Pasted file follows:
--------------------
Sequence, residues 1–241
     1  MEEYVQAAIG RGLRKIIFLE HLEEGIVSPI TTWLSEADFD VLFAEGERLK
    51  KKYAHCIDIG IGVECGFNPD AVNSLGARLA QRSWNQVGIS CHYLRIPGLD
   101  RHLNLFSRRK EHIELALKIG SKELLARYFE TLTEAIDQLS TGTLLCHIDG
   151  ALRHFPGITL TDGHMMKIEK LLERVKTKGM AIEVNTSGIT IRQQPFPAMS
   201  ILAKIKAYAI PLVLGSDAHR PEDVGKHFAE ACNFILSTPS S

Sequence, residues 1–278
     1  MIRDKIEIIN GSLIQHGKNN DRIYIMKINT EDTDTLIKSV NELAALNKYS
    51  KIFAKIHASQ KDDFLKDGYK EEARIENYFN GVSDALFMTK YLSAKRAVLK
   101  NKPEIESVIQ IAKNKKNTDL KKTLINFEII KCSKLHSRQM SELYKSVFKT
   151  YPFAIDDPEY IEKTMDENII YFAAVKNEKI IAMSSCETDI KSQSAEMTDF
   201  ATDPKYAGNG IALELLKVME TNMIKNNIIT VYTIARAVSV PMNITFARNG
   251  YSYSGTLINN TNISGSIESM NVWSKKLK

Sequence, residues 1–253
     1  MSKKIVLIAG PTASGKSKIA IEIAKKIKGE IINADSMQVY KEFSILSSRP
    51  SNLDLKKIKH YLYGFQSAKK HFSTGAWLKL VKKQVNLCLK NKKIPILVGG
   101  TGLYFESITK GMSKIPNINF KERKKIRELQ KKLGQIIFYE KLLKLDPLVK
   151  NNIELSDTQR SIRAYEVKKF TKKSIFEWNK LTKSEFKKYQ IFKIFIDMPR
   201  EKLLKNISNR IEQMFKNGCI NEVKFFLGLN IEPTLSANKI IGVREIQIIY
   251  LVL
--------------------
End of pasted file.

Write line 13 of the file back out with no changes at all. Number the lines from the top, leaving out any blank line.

   251  YSYSGTLINN TNISGSIESM NVWSKKLK